India

By abbieredmon

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I didn't know if I'd be able to go to India until two days before my flight was scheduled to take off.

I'd applied for my tourist visa a month in advance, and when I realized it was taking longer than they said it would to hear back, I checked in. They told me my application had been flagged because I'd marked that I was a writer/editor by profession. Apparently, anyone with a profession that could be related to journalism has to fill out extra forms, pay more money, and wait longer to [hopefully] receive their visa.

I was in panic mode for about a week while everything was being sorted.

I got so close with the staff at the visa processing office that I had one of their personal cell phone numbers. I couldn't stop adding up all of the money that would be wasted if I wasn't able to take my flights. I'd even started to make a back-up plan that included a re-routed flight to Thailand, since U.S. citizens don't need a visa to travel there for less than 30 days.

Then, two days before my flight, I heard back: My visa had arrived. I was free to go. I don't know that I've ever felt so relieved in my life.

And now, here I am in Goa, seeing views like this from the back of a motorbike. I am thankful.

More soon.

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We are in the middle of our week in Goa, and it is glorious.

Temperatures are high (mid-90s Fahrenheit), but the water is nice, and the lassis are plentiful. My travel partner is doing some work on his laptop in the shade of the beach-front restaurant where we are staying -- Camilson's Beach Resort -- but fortunately, he's still able to keep his toes in the sand. Meanwhile, I've been busy getting a sunburn.

Beaches in Goa are funny because cows roam them. They are content to keep to themselves, though, so as long as you don't mind if one occasionally lays down near you to sunbathe, it's not a problem.

We've rented a motorbike for the week, and yesterday we drove south, to Agonda Beach, which is a bit more secluded than Colva and very picturesque.

I'll be sad to leave our tropical paradise, but I'm also eager to see more of this wonderful country.

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They say you haven't really experienced India until you've traveled somewhere by train, and after our experience on the train from Margao to Kannur, I think I agree!

Fortified with hot chai from a roaming station vendor, we boarded our train an hour after it was scheduled to depart. Figuring out which seats were ours in sleeper class was an adventure on its own, but with the help of some kind strangers, who then became our travel companions for the next eight hours, we eventually got settled (though I was never entirely sure if we were in the right spots).

I sat across from a young girl and her father, who were traveling from the north of India to join the rest of their family in Cochin. The girl was shy at first, but she eventually opened up when she realized she could speak English with me, and I showed her the towns we were passing through on my map and taught her how to play tic-tac-toe.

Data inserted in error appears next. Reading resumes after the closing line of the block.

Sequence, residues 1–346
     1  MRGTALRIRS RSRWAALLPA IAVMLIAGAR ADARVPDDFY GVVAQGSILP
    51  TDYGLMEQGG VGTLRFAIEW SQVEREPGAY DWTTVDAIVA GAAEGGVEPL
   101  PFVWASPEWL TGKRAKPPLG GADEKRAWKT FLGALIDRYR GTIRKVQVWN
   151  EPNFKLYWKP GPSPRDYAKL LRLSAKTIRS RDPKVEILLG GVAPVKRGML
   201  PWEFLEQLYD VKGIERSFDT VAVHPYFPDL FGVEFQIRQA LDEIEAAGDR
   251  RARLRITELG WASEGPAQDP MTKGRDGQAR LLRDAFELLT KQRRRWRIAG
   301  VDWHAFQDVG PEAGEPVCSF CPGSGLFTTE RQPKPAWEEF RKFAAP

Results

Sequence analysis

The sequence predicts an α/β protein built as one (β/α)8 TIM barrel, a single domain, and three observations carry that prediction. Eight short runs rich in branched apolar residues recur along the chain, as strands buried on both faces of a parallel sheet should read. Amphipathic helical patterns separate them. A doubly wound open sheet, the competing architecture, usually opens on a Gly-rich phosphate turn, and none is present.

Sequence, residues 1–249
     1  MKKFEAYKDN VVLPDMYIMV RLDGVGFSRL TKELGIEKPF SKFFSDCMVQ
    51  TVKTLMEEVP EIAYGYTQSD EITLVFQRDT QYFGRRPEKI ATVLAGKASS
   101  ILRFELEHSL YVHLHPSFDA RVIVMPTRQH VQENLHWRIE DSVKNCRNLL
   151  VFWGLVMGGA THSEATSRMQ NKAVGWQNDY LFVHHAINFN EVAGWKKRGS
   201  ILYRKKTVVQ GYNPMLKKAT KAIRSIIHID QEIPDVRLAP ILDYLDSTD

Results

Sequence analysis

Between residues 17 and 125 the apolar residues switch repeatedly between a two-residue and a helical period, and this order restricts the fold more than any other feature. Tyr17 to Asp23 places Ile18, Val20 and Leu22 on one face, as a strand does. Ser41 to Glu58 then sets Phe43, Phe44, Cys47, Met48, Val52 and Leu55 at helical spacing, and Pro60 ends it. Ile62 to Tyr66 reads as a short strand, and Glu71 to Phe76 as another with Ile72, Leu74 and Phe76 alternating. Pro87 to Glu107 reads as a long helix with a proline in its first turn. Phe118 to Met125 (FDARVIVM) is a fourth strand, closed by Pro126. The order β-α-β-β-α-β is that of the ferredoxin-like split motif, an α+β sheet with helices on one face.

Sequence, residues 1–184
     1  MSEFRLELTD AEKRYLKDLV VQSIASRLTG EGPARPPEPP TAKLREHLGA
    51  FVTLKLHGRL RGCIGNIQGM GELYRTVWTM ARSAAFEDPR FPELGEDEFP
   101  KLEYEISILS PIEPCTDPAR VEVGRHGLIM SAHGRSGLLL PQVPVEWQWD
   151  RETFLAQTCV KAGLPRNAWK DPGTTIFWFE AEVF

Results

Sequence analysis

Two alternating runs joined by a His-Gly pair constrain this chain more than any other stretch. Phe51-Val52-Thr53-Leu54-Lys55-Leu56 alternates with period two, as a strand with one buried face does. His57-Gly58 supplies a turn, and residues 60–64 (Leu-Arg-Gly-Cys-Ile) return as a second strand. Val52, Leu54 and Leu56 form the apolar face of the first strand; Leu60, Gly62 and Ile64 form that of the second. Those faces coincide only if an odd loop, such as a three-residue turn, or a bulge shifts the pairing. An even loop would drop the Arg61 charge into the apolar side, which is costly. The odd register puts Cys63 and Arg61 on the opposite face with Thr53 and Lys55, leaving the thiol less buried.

After 4 or 5 hours on the train, we started to get a little hungry. Peering out the windows at the station in Mangalore, we realized independent vendors were populating the train platform, selling take-away to hungry passengers out of cardboard boxes. As hunger overcame me, I ventured off the train armed with 200 rupees, looking to make one of those to-go containers mine.

The train had been in the station in Mangalore for about six minutes already, and once I disembarked, I walked along the platform, passing vendor after vendor standing next to his empty cardboard box, counting his money. As the realization that I might not get anything to eat after all washed over me, I started moving quicker, dashing from cardboard box to cardboard box, but each was empty.

On the way back to my train car, I saw a vendor who had clearly either just replenished his stock, or just arrived on the platform. He was surrounded by a very tightly packed crowd of Indian men waving money and shouting. I quickly realized that the process of buying a to-go meal from one of these vendors was a frenetic and occasionally vicious endeavor.

I got close enough to see the vendor bent down on one knee at the center of the mob, slipping rupee notes into his shirt pocket with one hand and lifting to-go containers out of his cardboard box with the other, only to have them snatched away in seconds. I was pretty sure bidding wars were being waged.

I peered over shoulders and through bent arms, but I saw I was too late, too hesitating, and probably too foreign to be successful. The box was almost empty.

Sigh.

We survived the rest of the train ride on a package of gingersnaps and a plate of medu vada (like doughnuts, only not sweet) we procured from a vendor who wandered through our train car.

Lesson learned: Be aggressive, or bring your own food!

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Our train dropped us off in the coastal city of Kannur, in the northern part of Kerala. This city is the beating heart of the Northern Malabar theyyam rituals. About every other day, you can find a Hindu temple in or around Kannur holding a theyyam.